Greg's Black Walnut Page

This page describes my experiences harvesting and processing black walnuts for eatin' on.

Harvesting the Walnuts

Harvesting the walnuts is the easiest part of the process. So if you don't like even picking them up, you don't want to go any further. Being in Ann Arbor, there are several black walnut trees around, including the three that live in my neighbors back yard. If you check on Craig's list in the fall, there are usually several adds for people who have black walnut trees in their yards but would love to unload all the nuts on someone else. They are usually free to pick up, some people will even pick them up and put them in a paper bag and leave them at the curbside for you. I like to pick them up as soon as they're dropping on the ground. Most of them have green husks, some a bit brown but all of them are still good and juicy. If you wait until they are black they work just the same, but are simply more messy to work with.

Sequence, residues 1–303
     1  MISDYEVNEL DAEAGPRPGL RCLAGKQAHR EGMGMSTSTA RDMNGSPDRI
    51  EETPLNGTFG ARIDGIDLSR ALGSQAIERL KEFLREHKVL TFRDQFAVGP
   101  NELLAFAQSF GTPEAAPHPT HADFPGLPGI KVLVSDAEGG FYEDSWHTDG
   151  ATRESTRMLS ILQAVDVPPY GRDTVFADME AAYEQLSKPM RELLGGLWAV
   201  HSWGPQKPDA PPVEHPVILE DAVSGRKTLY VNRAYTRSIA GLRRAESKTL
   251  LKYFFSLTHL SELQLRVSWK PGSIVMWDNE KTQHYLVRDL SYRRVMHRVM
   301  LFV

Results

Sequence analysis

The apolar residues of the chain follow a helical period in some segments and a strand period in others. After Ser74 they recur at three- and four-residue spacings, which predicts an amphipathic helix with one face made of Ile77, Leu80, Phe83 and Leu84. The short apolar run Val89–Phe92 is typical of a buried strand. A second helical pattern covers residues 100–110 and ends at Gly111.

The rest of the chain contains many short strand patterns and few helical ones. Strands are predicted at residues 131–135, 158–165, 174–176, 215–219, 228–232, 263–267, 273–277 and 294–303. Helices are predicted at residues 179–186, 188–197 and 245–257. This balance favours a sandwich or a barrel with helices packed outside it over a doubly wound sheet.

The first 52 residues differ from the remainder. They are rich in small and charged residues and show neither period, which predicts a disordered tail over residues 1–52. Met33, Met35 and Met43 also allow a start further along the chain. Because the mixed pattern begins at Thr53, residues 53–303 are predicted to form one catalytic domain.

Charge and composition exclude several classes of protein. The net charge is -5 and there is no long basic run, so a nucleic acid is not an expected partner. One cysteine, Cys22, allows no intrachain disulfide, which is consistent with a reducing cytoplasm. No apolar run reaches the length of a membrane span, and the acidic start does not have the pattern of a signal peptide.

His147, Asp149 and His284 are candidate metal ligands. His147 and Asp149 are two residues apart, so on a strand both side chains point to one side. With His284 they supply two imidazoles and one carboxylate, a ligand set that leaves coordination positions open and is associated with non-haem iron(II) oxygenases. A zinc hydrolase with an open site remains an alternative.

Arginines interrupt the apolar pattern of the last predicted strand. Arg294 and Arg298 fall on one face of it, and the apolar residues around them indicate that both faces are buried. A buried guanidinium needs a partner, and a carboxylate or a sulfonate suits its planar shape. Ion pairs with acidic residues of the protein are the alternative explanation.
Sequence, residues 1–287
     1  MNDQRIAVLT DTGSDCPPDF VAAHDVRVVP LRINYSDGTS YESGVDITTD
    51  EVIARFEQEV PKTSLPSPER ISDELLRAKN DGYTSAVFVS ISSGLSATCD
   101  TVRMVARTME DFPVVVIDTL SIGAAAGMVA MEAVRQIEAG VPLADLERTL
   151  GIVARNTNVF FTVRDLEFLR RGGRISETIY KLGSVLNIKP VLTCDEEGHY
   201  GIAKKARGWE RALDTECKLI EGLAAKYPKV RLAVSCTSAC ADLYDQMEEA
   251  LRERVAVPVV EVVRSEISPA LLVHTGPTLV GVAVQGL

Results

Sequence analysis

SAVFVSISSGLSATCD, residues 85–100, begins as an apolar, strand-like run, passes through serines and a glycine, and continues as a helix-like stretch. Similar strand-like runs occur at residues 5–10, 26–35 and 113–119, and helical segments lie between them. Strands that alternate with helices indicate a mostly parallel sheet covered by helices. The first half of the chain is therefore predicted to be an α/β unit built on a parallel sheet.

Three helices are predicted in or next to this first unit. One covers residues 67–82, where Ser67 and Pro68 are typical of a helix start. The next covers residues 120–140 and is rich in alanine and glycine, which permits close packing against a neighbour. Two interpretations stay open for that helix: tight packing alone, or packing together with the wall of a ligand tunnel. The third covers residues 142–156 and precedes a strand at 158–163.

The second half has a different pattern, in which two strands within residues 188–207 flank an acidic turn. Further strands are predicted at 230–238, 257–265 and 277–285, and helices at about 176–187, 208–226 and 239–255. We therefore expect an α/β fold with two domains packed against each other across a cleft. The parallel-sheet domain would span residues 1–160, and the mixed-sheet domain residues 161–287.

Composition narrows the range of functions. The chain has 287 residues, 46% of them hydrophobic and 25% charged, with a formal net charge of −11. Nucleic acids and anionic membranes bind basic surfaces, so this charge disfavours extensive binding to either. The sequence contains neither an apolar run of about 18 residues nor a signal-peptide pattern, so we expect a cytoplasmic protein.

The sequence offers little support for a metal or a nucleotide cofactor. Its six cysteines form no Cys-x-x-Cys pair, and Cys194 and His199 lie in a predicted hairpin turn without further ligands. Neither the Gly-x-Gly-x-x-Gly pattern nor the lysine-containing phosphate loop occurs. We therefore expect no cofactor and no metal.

This is a pretty messy part of the process and with everything, there are several methods. Three methods that I feel are pretty good are: 1. husking by hand 2. husking with a drill and mud mixer in water and 3. husking with a pneumatic tire driven by a motor etc. I really like the tire one (there's a good video on YouTube) but I don't have a set-up like this yet. Husking with a drill and mud mixer can be fast as you can process a bucket full of nuts simultaneously and it works well for ripe, black and gooey husks. The problem with the drill and mud mixer is that it basically liquifies the husks and then you're left with 50 gallons of sluice juice to get rid of. As for husking by hand, the following procedure applies. Once you get home with a huge load of walnuts, the next step is to husk them. I wear a good quality pair of leather gloves to keep my hands from being stained a lot. Still even with the gloves the walnut juice soaks through and stains the hands for a week or so. To husk the walnuts, I dump a pile of them on my steel welding table and set up a 5 gallon bucket on the floor. So one by one, I slide over a walnut and give it a medium blow with a 24 oz hammer (I also saw a video of a guy using a croquet mallet.) You are not trying to crack the nut here, just enough to split open the husk so it can be easily removed by hand a bit later. I keep smacking until I get about a 5 gallon bucket full of split-husked walnuts. Then I set down the hammer and set up 2 buckets on the floor. One for husks, one for nuts. Then I use my gloved hands to peel off the husks. 20 gallons of whole walnuts gives about 10 gallons of nuts and 15 gallons of husks. The husks I just toss in the city compost bin because there's some chemical in there that would kill the entire garden if you tried to put it in there.